The final presentation, “Library for the homeless: A case study of a Shelter House and a School for Homeless in Indonesia and Malaysia,” examined the impact of library materials and services at homeless shelters. The study found that sustainability is an issue both for materials and staff training. The entire presentation is available here:

What is Universal Design for Libraries

By Guest Blogger

Lo Claesson

Here is a short summary of the session “What is universal design for libraries? – A joint session by Library Services to People with Special Needs, Public Libraries and Library Services to Persons with Print Disabilities”:

The first speaker was Knut M. Nygaard, Director of Norwegian Library of Talking Books and Braille. He talked about different terminology, used for about the same concept as “universal design”. The aim of universal design is to simplify life for everybody. Target groups are everybody, regardless of age, size or ability. You can talk about universal design at threee levels: a strategic level (macro), technical solutions and standards (meso) and individual perspective (micro).

The next speaker was Anne Sieberns, German Institute for Human Rights. Her presentation was on Universal Design and Human Rights. There is a Convention on the Rights of Persons with Disabilities (CPRD), which now (June 2018) is ratificated by 177 State Parties.
Then we heard about guidelines for universal design in Finnish libraries by Kirsi Ylänne, Celia Library Finland. The English translation of the guidelines is available (pdf) at . It is published on a Creative Commons  license and can be translated and adopted into other languages.

Then Mr Hiroshi Kawamura held an oral presentation on Universal Design an Print Disabilities – DAISY Technology and Accessible Multimedia. He stressad that universal design does not exclude assistent technology for those who need it. There is also an issue of accesibility for for example indigenous people. It´s a very complex matter.

We also got some best practices from the UK from Mark Freeman as Yarm Library, Chelmsford Library, Great Sankey and Ammanford Library. These libraries also include persons with autism or dementia in their design thinking.

Nancy Bolt from the section Library Services to People with Special Needs finished the session by summarazing what has been done in the section in recent years: Guidelines concerning people with Dyslexia, people experiencing homelessness and people who are deaf, hard of hearing and deaf/blind. They are planning to do guidelines concerning refugees and prisons as well. They are also suggesting how the IFLA conferences can be more accessible in the future. The on-going conference is not very accesible for people using wheel chairs.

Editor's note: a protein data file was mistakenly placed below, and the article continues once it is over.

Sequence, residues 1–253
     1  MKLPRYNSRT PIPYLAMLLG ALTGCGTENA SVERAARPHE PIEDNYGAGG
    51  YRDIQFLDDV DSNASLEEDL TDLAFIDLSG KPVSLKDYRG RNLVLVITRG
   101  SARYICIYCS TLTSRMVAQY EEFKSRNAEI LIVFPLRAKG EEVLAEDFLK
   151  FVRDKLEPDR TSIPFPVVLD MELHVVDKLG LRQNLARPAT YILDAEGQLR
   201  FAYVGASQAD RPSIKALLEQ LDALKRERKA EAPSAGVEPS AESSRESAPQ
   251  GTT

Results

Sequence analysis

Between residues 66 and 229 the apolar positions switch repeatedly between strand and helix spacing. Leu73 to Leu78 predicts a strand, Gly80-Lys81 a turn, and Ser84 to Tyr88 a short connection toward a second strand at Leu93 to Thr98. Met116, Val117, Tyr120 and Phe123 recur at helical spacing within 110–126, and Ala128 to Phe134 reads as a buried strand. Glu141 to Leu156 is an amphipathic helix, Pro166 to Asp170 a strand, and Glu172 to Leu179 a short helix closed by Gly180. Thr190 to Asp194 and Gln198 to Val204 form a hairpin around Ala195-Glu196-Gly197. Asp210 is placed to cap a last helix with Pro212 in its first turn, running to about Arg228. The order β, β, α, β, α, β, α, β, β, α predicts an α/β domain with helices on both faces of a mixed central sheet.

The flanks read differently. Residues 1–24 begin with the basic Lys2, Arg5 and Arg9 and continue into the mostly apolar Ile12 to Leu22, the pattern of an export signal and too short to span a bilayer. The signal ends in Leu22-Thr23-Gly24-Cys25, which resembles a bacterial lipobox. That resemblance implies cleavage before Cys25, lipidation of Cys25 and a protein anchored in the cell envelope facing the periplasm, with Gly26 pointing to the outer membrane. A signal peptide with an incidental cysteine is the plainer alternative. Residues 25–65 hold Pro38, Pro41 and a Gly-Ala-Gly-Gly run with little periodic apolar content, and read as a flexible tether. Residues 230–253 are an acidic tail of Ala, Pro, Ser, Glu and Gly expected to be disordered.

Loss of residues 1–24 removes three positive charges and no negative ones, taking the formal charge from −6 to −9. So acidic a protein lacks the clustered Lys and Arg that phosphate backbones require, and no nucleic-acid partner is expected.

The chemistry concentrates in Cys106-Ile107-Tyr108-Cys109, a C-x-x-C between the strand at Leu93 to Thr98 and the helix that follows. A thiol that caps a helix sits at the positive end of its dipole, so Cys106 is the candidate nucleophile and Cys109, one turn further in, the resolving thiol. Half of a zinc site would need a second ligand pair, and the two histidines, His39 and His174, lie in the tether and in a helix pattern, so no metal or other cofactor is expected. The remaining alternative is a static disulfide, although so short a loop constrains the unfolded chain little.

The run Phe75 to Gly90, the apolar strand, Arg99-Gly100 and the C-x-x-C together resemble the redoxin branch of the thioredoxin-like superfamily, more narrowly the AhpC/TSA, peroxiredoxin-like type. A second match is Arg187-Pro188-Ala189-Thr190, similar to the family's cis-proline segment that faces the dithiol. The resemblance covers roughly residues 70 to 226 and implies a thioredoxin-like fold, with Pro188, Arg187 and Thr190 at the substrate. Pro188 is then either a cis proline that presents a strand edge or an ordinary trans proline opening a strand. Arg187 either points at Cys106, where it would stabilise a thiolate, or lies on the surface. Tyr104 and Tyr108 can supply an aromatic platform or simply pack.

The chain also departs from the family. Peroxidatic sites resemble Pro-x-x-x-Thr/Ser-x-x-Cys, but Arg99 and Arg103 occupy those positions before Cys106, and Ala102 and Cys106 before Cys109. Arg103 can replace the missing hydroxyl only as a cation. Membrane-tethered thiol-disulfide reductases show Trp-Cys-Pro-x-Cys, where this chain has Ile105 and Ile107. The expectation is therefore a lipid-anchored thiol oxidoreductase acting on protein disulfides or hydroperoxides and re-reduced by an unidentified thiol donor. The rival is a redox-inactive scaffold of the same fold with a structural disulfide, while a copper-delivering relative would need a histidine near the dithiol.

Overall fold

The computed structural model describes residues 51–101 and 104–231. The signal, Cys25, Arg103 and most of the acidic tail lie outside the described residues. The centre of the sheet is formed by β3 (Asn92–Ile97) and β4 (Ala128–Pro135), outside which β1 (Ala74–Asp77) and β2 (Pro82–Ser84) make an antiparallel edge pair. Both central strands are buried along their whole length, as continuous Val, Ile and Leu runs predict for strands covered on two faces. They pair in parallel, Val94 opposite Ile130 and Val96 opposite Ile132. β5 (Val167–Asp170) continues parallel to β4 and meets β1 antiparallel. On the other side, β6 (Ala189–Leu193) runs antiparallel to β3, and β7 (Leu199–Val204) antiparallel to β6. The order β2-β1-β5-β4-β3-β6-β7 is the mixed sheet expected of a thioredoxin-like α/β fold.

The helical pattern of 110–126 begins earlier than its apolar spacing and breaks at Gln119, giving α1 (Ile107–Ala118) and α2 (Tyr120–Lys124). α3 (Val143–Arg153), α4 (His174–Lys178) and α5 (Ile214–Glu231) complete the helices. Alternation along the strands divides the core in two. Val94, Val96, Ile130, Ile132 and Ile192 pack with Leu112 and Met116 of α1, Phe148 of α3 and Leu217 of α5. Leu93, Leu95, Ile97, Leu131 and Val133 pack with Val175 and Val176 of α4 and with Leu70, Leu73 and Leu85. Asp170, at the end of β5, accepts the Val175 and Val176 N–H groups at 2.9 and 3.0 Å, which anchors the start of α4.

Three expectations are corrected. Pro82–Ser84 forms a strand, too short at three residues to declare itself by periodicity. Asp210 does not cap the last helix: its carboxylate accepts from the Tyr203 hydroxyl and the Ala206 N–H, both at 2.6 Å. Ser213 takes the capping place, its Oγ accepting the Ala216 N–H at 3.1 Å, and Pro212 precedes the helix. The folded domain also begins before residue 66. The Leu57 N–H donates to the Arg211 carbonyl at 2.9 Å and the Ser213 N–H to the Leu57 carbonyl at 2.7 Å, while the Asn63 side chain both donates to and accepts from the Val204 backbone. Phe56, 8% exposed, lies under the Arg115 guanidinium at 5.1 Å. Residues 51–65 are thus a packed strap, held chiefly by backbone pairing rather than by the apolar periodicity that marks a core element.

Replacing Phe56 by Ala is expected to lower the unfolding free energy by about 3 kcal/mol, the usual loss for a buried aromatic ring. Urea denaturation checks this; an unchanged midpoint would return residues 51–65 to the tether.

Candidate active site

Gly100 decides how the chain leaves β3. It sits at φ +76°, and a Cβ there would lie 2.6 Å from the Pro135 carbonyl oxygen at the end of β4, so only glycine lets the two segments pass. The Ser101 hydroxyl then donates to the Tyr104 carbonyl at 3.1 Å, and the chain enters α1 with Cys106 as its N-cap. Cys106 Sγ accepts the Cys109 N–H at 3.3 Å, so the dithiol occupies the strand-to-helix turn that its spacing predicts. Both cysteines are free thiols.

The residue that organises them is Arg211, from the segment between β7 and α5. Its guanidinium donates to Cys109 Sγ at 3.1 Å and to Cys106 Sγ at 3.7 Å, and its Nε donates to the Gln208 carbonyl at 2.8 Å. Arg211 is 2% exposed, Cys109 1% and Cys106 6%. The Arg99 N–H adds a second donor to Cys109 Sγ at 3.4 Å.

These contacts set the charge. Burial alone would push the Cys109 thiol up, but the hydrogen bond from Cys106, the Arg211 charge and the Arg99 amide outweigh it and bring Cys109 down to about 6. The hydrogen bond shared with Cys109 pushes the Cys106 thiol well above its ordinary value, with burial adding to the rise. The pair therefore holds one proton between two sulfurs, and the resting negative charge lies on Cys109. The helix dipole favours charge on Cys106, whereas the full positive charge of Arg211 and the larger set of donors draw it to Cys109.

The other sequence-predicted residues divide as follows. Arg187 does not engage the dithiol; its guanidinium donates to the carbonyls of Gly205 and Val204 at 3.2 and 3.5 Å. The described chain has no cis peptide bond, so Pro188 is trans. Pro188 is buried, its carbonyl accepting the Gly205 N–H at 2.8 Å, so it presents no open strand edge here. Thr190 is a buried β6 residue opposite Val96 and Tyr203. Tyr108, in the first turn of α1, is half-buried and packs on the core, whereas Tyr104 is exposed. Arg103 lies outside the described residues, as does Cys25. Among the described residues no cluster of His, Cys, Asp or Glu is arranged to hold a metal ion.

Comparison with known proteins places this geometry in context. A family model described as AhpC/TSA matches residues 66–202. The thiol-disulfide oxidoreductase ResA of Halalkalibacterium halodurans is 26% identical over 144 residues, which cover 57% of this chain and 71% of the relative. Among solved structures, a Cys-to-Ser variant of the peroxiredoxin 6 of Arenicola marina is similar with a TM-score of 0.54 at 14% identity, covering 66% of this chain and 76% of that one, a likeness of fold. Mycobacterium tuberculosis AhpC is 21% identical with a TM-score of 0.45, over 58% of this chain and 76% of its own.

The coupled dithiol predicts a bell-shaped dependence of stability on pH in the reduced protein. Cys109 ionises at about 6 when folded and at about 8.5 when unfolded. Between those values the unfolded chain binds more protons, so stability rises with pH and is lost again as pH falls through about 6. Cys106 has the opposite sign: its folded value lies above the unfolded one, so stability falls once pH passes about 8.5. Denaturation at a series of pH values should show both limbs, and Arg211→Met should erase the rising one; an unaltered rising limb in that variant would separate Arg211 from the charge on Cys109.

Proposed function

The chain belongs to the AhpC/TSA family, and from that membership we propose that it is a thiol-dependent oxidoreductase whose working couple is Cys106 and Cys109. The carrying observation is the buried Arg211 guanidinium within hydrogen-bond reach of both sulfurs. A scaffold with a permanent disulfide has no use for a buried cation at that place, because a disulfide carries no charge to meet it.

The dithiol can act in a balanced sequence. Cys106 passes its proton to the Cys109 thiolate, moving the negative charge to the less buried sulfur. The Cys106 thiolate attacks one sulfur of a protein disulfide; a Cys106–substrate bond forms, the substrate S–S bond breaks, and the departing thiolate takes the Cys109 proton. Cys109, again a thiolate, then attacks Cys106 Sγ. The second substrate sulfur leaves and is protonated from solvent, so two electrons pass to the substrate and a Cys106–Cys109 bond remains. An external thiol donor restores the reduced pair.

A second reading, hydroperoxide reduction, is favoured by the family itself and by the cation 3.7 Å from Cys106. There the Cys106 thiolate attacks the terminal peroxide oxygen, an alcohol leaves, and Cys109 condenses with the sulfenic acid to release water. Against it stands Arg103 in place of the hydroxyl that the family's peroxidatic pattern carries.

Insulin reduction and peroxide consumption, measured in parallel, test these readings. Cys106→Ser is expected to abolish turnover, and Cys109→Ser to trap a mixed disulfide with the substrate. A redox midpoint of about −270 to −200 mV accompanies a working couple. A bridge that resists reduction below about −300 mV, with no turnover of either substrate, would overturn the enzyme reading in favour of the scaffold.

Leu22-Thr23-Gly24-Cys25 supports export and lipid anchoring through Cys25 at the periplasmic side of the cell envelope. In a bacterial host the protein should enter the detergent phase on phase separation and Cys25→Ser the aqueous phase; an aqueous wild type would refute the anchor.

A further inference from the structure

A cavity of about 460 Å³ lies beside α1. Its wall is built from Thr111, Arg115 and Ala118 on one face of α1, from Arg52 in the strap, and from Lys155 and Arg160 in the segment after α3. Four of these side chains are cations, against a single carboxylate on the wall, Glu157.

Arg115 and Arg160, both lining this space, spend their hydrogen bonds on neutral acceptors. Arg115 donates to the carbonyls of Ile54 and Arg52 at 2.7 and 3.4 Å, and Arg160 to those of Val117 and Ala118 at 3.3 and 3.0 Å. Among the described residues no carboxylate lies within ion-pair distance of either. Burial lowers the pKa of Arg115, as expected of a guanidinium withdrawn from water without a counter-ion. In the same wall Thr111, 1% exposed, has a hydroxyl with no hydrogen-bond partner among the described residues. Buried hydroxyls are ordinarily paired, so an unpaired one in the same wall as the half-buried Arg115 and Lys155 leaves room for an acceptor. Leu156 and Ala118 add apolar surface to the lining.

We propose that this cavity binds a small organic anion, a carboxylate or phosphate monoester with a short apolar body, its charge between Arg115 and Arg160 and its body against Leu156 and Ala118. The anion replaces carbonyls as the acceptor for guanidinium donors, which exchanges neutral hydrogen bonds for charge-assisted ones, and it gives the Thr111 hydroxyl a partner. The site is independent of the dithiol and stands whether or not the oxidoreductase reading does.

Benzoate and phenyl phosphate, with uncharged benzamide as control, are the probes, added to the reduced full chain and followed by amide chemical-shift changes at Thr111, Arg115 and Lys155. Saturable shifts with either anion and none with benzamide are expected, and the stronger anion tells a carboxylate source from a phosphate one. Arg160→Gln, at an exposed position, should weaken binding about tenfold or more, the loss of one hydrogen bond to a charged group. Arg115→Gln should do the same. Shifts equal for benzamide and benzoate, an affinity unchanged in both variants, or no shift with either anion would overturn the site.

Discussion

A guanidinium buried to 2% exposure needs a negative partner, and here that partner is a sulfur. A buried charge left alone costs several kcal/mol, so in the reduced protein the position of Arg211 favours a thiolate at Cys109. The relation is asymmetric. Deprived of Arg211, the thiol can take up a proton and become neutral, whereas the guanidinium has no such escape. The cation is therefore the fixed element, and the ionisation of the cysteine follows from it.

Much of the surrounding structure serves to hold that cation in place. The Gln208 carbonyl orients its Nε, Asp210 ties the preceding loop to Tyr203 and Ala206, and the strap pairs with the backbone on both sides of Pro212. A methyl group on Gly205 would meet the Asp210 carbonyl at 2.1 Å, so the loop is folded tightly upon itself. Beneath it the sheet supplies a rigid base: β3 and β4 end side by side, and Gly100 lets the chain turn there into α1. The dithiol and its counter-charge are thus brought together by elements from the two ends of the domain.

Zagreb City Libraries won the librarians Oscar for the film on homeless people

Zagreb City Libraries’ short film  What do users say about library services for people experiencing homelessness was announced as the best film at the award ceremony of international competition A Corto di Libri. It also won a prize in the category of the best documentary film on libraries and librarians.

Prizes were awarded at the International Book Fair in Turin on Saturday the 12th of May 2018. The Award Jury comprised experts from the fields of cinematography and librarianship, and was headed by the Italian film critic Fabio Melelli. Authors of the film are librarians Marko Šikić and Sanja Bunić.

More information:

Children Services at Miyoshi Public Library

By Guest Blogger

Hitomi Takeuchi

I visited the Miyoshi Public Library in Miyoshi Town, located in northwest of Tokyo, 30 kilometer from Tokyo Central, about one hour by train. The population is about 38,000. The Library is run by the Miyoshi Local Town Government. The circulation per capita of Miyoshi Public Library is 11.20 books per a user a year, compared to the average number of Japanese public library of 5.5.  And the library has maintained its top rank in the past sixteen years.

The reason for my  visit to the library is because it provides very good childrens services. The first is the Book Start Service.  The second one is Book Club Service for the elementary level children. And the third one is that library provides good support and have good relationship to the school libraries.  There are eight schools, five elementary schools and tree junior high schools run by the Miyoshi local Town Government.  

The head Librarian, Tomoko Shirota, a childrens service professional, and she especially emphasizes the childrens services. She said that during the child period is very valuable time to child gets used to read.


Book Start Service & Book Start Plus Service

In Miyoshi Public Library, the Book Start Service is targeted at babies four months and beyond.  The professional childrens librarian reads the picture book with parent and baby. And after the reading hour, the baby will be presented a picture book from the library. You can see it in the picture above that when Ms Tomoko Shirota reads the picture book to the four months old baby, the baby seems very eager to look at the book and listen to the librarians reading voice.. The Librarian said that it is very important to read the picture book attractively for the baby because maybe it is the first time for the baby to look at the book and listen to the reading voice.  It is definitely important how baby feel about the book reading hour. The librarian tries to make the reading hour attractive and interesting because this is the first experience for not only the four months baby but also for the parent to listen to the storytelling. Through reading the picture book, almost all baby have good reactions like smiling and speaking aloud.  Parent understands that the baby who is not speaking language yet, can understand the picture book through the babys reaction and feeling, The librarian said that the Book Start Service makes the problem of child abuse in Miyoshi Town decrease because through the reading the picture book the parent can better communicate to their baby.